Corruption: elite’s abuse of power goes without deterring punishment

It goes without saying that power tends to corrupt. From benign to malignant power abuses all have been displayed in the Republic’s decades of independence. Physical atrocities such as politically related tortures and killings with impunity, activist kidnappings to “economic terrorism” in the forms of corruption, cronyism were all hallmarks of the New Order regime. Even with advent of Era of Reformasi after the toppling of strongman Suharto in 1998 the power abuse is obviously remaining and to some extent getting worse in some parameters.

Some observers have suggested that “economic terrorism” in the form of corruption is getting wilder and expanding in the reformation era. Both quantity and quality of corruption has increased in spite of the establishment of KPK or Corruption Eradication Committee. In the New Order era, it is suggested that corruption was centered around the executives/bureaucrats but nowadays this crime has widened and deepened into legislative and judicative bodies. Furthermore, with the establishment of decentralization in the government, officials in regional government levels also increasingly share the crime.

Many commentators have weighed in the opinion that KPK has failed to do its job in stemming the corruption by citing the never ending of new emerging cases. Specifically there are claims that prevention arm of KPK action is not showing any progress as hoped. While those claims worth addressing, they should not distract KPK from focusing on corruption investigation.

In the realms of crime deterrence, ones need to understand that severe punishment is an integral part. Severe punishment in the forms of  life imprisonment and capital punishment are consequently needed to give deterrence to potential criminals. It is widely accepted that corruption is an extraordinary crime with huge implication to people, so the punishment also should be extraordinary to severely diminish motivation to do it. Although the law or UU Tipikor opens the possibility of capital punishment, up to now not a single verdict has been delivered. We will wait whether Nazaruddin case will be the first example of capital punishment remembering that it may have involved huge amount of money, more than 6 trillions rupiah. This case also draws public attention and requires huge government energy which may fit the extraordinariness warranting severe punishment. In the mean time, let justice takes its course.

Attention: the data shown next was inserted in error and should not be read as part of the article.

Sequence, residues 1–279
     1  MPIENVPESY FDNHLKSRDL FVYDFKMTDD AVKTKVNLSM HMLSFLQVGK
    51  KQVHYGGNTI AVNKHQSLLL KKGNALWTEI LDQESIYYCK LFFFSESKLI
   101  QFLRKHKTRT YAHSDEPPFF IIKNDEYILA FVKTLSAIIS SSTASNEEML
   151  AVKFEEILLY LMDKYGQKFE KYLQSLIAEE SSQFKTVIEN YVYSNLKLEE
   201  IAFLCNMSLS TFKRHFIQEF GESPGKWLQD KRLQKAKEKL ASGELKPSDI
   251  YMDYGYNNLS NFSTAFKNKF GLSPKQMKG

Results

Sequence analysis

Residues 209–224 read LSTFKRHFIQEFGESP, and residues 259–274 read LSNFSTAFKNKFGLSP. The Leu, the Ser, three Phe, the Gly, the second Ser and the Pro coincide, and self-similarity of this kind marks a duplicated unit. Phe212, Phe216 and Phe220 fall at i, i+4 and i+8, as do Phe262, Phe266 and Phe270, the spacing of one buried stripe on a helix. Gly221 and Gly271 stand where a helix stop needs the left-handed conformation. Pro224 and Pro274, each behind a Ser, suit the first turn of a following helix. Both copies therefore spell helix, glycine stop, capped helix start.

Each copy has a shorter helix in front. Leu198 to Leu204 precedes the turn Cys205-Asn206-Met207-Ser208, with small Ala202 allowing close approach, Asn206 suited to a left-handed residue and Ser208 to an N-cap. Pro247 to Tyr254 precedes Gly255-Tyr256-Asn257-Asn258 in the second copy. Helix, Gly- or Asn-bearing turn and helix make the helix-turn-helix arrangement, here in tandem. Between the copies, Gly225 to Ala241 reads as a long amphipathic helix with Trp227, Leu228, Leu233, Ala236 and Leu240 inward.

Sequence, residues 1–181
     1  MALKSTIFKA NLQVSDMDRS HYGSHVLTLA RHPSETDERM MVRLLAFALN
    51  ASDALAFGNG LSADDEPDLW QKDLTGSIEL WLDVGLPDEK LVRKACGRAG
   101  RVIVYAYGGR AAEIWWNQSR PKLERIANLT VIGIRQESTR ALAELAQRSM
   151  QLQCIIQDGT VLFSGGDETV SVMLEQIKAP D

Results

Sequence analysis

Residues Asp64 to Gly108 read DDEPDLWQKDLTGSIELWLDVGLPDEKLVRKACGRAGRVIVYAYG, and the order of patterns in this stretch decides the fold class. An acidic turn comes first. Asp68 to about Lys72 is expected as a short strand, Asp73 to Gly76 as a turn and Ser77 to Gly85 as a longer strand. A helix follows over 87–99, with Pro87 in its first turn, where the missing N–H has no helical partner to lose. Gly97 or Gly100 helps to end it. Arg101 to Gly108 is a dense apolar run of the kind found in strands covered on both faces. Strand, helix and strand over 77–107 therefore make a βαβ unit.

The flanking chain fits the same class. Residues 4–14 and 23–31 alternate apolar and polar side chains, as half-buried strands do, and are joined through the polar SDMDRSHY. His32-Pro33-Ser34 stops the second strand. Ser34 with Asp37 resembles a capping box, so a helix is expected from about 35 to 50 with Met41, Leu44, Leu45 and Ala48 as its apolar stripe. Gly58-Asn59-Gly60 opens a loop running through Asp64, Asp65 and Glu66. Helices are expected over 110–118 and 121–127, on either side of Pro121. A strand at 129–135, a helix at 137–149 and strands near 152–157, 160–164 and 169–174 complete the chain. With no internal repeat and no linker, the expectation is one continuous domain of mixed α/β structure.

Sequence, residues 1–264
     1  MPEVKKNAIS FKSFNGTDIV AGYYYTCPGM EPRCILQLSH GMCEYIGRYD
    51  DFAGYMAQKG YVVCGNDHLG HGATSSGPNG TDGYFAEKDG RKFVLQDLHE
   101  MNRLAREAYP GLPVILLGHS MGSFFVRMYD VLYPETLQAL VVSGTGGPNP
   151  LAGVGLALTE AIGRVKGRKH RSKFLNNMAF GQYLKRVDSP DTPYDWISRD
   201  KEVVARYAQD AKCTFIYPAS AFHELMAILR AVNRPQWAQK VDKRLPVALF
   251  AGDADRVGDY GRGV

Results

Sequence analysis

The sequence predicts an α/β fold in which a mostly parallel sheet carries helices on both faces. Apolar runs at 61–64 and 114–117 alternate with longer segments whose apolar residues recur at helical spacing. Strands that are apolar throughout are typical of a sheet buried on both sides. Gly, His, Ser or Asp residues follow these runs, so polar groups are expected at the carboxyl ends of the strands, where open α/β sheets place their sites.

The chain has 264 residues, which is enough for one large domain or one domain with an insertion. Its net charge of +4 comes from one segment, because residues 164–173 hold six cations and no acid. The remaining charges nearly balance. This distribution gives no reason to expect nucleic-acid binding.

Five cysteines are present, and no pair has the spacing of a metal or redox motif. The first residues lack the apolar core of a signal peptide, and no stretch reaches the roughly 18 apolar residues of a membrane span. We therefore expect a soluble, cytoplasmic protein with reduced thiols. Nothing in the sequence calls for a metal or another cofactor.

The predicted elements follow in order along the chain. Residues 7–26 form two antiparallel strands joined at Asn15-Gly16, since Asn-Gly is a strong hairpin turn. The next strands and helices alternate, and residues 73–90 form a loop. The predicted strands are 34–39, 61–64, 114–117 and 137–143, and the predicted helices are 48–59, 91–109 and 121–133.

Corruption in large scale is only possible if done by elites. More often than not it also requires collaborations of many people (dubbed korupsi berjamaah in indonesian). Elites abuse their power in order to gain wealth for their selves or own groups. So it is highly demanding to punish the elites with the maximal penalties. What I mean elites here are the persons who are entrusted with political power to plan, execute, and evaluate policies and programs which may affect people life. Also including in this category is the law enforcement officials.

It goes without saying that corruption is a form of “economic terrorism” and it goes without saying that without severe punishment it will flourish as ever perhaps because it offers potential and huge rewards, in contrast to the light and dwarf punishment. If we continue to punish corrupt people lightly, then potential corrupt people may say: corruption is worth trying, you get huge sum of money easily by your power, if there is possibility of unluckiness of you getting  caught by the authorities, you will get  a few years in jail with possibility to get out occasionally in the weekends and to get regular remission. What a wonderful world is Indonesia for corrupt people.


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